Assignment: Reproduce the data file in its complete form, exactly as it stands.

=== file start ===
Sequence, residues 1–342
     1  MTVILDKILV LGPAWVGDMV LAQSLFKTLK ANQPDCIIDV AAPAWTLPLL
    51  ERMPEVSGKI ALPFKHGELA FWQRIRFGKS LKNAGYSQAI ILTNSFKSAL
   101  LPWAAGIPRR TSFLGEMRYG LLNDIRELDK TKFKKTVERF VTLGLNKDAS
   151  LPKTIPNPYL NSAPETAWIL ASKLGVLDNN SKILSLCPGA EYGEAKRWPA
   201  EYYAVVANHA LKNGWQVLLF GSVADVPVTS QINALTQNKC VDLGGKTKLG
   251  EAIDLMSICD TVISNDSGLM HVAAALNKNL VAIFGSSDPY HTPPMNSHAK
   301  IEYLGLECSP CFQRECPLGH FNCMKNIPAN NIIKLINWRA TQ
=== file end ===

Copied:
Sequence, residues 1–342
     1  MTVILDKILV LGPAWVGDMV LAQSLFKTLK ANQPDCIIDV AAPAWTLPLL
    51  ERMPEVSGKI ALPFKHGELA FWQRIRFGKS LKNAGYSQAI ILTNSFKSAL
   101  LPWAAGIPRR TSFLGEMRYG LLNDIRELDK TKFKKTVERF VTLGLNKDAS
   151  LPKTIPNPYL NSAPETAWIL ASKLGVLDNN SKILSLCPGA EYGEAKRWPA
   201  EYYAVVANHA LKNGWQVLLF GSVADVPVTS QINALTQNKC VDLGGKTKLG
   251  EAIDLMSICD TVISNDSGLM HVAAALNKNL VAIFGSSDPY HTPPMNSHAK
   301  IEYLGLECSP CFQRECPLGH FNCMKNIPAN NIIKLINWRA TQ